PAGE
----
Day Two — A very productive day

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George, Bruce, and Jim went back to San Pedro Sula on Monday to gather information on corn grinders. HAF is exploring the possibility of helping La Montanita and Teo acquire corn grinders through micro-economic loans, like they did in Santa Clara. A corn grinder is not simply a convenience item. The women, and many times the children, spend hours per day hand grinding the corn.

We visited two suppliers and collected general information on the grinders, along with price quotes and maintenance requirements. One supplier offered us a 15% discount and the other 25%. We will visit La Montanita on Tuesday and Teo on Friday to discuss these projects.

On Monday PM, several team members visited Tejares to follow up of four items. A woman needs help to complete a latrine project. We will return on Friday to work with Rigo, our construction coordinator, to pour the concrete cover for the cistern and a pad for the toilet building.
We then visited a woman’s house across the very busy highway to determine if we could repair a stick-mud house that was on the verge of collapsing. The woman said that she could hear the house moving at night. There are 7-8 kids living in this house. A log had been “planted” against the front wall to keep it from collapsing. The back wall was leaning inward at least 20 degrees and there was no practical way to support it. Rigo suggested that the back and front walls and the tile roof be replaced. We all felt an immense sense of urgency to fix this severe safety problem. A proposal was sent to the Board with the hope that this safety problem can be fixed quickly.

Cervical Cancer Testing and Paper Flowers

This afternoon 13 women from LaMontanita arrived on the busito at the Quimistan Hospital for testing. Dr Elsa greeted them and attended to each of them. The women from our team joined them in the waiting room. You could tell they were nervous. The crafty members of our group began teaching them how to make paper flowers. Five minutes later there were smiles all around and happiness from sharing a joyous experience. Two mothers brought their babies who were passed around among them and us for lots of love and laughter. Two hours later we waved goodbye as they left carrying their bouquets and lots of fond memories for all of us.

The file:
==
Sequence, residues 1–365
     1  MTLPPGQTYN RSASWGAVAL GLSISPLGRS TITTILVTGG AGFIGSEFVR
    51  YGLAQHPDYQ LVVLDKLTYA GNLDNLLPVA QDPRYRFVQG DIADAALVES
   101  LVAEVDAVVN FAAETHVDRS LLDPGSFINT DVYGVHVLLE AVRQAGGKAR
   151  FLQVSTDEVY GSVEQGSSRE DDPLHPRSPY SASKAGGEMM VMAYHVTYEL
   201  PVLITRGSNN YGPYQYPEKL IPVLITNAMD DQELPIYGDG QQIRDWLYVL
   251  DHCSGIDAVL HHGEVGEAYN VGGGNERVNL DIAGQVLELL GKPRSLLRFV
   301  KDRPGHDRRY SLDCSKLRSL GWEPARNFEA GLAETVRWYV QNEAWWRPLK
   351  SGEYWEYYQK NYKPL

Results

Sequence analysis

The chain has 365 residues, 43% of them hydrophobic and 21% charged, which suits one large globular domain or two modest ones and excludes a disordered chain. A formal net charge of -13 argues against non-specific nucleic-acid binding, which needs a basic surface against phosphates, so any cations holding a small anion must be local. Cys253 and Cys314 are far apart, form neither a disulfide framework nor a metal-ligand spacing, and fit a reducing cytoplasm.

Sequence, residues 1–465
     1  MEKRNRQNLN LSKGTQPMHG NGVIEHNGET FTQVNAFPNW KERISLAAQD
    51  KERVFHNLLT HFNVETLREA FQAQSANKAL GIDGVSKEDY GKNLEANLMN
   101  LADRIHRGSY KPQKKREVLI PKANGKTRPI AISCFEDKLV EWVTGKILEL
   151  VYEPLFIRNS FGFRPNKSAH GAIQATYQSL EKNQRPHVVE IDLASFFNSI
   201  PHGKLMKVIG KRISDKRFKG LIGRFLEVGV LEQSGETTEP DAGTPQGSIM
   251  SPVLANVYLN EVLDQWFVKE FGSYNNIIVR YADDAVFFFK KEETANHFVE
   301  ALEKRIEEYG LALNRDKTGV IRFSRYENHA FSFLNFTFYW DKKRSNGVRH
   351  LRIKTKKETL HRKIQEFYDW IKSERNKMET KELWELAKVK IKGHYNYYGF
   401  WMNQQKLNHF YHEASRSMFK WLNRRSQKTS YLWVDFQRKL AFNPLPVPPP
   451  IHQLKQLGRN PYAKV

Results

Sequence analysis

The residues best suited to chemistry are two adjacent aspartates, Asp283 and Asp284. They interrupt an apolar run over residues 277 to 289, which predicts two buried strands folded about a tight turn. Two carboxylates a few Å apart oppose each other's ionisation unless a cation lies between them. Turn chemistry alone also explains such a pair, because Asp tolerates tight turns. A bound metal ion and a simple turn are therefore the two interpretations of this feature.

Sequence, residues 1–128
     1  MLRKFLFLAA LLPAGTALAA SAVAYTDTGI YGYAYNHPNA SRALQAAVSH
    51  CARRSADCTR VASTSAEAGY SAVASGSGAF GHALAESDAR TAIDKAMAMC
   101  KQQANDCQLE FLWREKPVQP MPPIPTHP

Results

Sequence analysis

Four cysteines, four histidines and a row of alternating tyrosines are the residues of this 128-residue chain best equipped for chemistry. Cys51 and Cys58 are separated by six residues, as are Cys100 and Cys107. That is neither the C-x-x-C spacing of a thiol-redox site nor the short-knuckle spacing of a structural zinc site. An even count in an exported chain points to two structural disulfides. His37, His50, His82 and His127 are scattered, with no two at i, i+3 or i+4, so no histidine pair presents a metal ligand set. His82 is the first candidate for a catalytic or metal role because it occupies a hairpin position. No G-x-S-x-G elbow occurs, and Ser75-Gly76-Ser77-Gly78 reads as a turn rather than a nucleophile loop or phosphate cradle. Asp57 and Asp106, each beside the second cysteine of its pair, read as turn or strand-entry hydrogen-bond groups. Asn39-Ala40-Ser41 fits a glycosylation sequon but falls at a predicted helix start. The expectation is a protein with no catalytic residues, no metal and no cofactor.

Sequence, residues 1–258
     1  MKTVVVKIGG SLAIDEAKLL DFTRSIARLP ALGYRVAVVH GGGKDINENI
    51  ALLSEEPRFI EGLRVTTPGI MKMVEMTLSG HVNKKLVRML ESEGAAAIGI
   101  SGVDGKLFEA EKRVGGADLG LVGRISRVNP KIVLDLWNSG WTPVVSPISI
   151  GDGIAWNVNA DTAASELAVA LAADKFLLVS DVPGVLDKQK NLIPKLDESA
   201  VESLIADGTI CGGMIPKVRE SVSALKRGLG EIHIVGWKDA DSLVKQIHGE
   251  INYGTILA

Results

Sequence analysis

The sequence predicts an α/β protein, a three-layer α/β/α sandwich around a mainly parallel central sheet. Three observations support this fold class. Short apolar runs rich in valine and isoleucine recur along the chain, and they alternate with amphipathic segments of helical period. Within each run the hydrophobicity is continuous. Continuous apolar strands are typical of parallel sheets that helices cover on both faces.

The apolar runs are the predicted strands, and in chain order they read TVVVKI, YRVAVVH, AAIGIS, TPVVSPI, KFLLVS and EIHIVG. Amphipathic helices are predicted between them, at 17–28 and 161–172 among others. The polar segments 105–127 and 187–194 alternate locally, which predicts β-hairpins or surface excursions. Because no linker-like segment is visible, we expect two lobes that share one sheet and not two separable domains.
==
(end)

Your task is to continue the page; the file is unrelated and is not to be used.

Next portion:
A New Eye Testing Device

Thanks to a donation from St. John’s, our new Focometer went into use for the people of Tejeras. After a slow start, the team helped us to get organized and we tested almost 40 patients. The God moments were many. People who had extreme difficulty reading or who had poor distance vision, were overwhelmed when they tried on a pair of glasses that changed their lives. Their smiles and happiness brought tears to our eyes.

One man who was 79 and had lost one eye is a wonderful story. He wanted to be able to read better, but could not afford glasses. He was fitted with reading glasses
and also given a pair of sun glasses. There was a dramatic change in his ability to read. He was so thankful, he expressed his gratitude to most everyone he could. He was grateful the HAF missionaries came to help him, his village and his friends. He said God surely sent us to help them lead a better life. It was truly a very emotional experience.

Catherine Vandegrift and Denny Mcgurer who were handling our check out table said everyone who left thanked them, even gave them hugs in appreciation for what they had received.

God was truly with us all today.

Last Night’s Dinner Guests

It was our distinct pleasure to have Maynor, his fiancée Jessy, and Dr. Constantino as our dinner guests. The entire team was in agreement with Maynor’s choice for his bride. The wedding date is planned for March 17, 2011. We wished them both much happiness. Dr Tino said he would get them a discount in the maternity section of the hospital.

Dr. Tino was asked many questions by the team about the hospital’s future plans, the success of the medical brigades, his background and experience, malaria and aids. He answered every question with openness and honesty. We were all very impressed with his dedication to improving the health of the people of Honduras.

He spoke about the impact of Justa stoves on respiratory problems in LaMontanita. His response was that there has been a significant reduction since their installation. Additionally, now that the Community Health Care workers have access to the nebulizer, they are able to treat the symptoms much quicker. When asked what the major health problems were in Honduras, he stated pneumonia and diarrhea.

Dr. Tino is returning on Thursday to provide an annual review.